Room for Discussion is proud to announce that they will be hosting an interview with Martin Wolf – chief economics commentator of the Financial Times – on the 15th of May at 13:00 in E-hall. In 2000 Mr. Wolf was awarded the CBE (Commander of the Order of the British Empire) “for services to financial journalism”. The interview will be dedicated to the importance of economic and financial journalism and the economic challenges of the coming decade.
Mr. Wolf was educated in London and in 1967 moved to Oxford, where he studied Classics before starting the Philosophy, Politics and Economics Course. As a graduate student, Mr. Wolf moved on to Nuffield College, also at Oxford, which he left with a master of philosophy degree in economics in 1971.
Directly after graduating Mr. Wolf joined the World Bank’s young professionals program, becoming a senior economist in 1974. By the start of the eighties, the Bank’s policy was directed on for increased capital flows to developing countries, which had resulted in many of them suffering debt crises by the early 1980s. Seeing these results of misjudged intervention by global authorities, Mr. Wolf shifted his views towards the right and the free market.
Mr. Wolf left the World Bank in 1981, to become the Director of Studies at the Trade Policy Research Centre, in London. He joined the Financial Times in 1987, where he has been an associate editor since 1990 and chief economics commentator since 1996. Up until the late 2000s, Mr. Wolf was an influential advocate of globalization and the free market.
In 2008 Mr. Wolf witnessed the results of the disillusioned theories that had promoted an excessive reliance on the private sector. After that Mr. Wolf’s views partially shifted away from the free market back to the Keynesian ideas he had been taught when young. He became one of the influential drivers of the 2008–2009 Keynesian resurgence. In late 2008 and early 2009, he used his platform on the Financial Times to advocate a massive fiscal and monetary response to the financial crisis of 2007–2010.
In 2012, Mr. Wolf stated in remarks for the Financial Times that public goods are the building blocks of civilization: security and safety, knowledge and science, a sustainable environment, trust, and economic and financial stability. The discussion on 15th of May revolves around economic challenges of sustaining some of the public goods mentioned above and discusses the importance of economic and financial journalism in this process.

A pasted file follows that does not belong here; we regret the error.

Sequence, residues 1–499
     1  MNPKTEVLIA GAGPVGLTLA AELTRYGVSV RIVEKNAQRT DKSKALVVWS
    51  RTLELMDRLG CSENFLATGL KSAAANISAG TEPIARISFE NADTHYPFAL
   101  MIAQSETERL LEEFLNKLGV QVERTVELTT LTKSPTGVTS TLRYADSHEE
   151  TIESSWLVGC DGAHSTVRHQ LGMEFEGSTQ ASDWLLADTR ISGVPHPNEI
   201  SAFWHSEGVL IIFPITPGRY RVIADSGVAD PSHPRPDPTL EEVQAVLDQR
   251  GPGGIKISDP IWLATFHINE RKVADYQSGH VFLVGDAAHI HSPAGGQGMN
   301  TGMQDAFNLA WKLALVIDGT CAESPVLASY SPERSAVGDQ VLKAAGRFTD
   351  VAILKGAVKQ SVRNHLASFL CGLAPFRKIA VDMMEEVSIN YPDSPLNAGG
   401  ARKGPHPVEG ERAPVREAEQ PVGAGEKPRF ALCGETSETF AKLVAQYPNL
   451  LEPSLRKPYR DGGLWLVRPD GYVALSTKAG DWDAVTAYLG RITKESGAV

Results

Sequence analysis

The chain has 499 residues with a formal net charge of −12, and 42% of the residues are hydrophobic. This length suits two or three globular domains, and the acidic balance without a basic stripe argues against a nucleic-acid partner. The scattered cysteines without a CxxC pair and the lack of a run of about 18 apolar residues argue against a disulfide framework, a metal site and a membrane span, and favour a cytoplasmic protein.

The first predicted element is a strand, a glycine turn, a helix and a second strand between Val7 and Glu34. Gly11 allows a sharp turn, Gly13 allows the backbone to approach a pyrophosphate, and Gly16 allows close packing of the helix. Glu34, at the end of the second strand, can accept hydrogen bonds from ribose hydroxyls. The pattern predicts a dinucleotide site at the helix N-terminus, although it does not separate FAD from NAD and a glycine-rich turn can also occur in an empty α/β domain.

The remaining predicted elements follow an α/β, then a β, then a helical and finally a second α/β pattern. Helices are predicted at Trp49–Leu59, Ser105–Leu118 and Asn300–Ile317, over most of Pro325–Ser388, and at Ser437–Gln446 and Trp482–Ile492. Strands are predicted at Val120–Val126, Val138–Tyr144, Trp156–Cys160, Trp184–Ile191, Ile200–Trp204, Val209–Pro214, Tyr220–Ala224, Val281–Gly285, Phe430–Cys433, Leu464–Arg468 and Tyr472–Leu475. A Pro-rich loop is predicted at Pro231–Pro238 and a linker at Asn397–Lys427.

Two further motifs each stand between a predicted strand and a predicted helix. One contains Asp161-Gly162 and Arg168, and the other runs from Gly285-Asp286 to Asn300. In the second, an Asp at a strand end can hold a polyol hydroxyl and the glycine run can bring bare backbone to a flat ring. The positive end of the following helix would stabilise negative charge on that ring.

In September 2008 the Great Financial Crisis, triggered by the collapse of Lehman brothers, shook the world. Our world has become increasingly financialized and the consequences of this development were felt during the financial crisis. Ten years following the crisis the global economy is still awash uncertainty. Over the past decade, a whole industry of books, articles, documentaries, and even films was trying to explain the causes and consequences of the crisis. Yet, there is no universe explanation and will probably never be. Therefore, the questions arise: What role does financial journalism play in keeping the financial sector in check? And to what extent does the attack on established media outlets affect the FT?
With the release of the latest United Nations Framework Convention on Climate Change (UNFCCC) report, it has become increasingly clear that an appropriate response to climate change must be taken within the coming decade. We as individuals can strive to reduce fossil fuels emissions and plastic usage. But how can we achieve global awareness of the problem? What is the role of young economists in climate change debate, and what policies make economic sense?
The other issue that destabilizes the world economy and brings uncertainty is the USA-China trade war that has been dominating economic headlines. The question remains whether it is really only about trade balances or can we expect more economic wars as the liberal world order will be increasingly challenged?
These and more questions will be answered during the interview with Mr. Wolf on the 15th of May in E-hall. Come yourself to ask questions or read out the follow-up article covering the interview.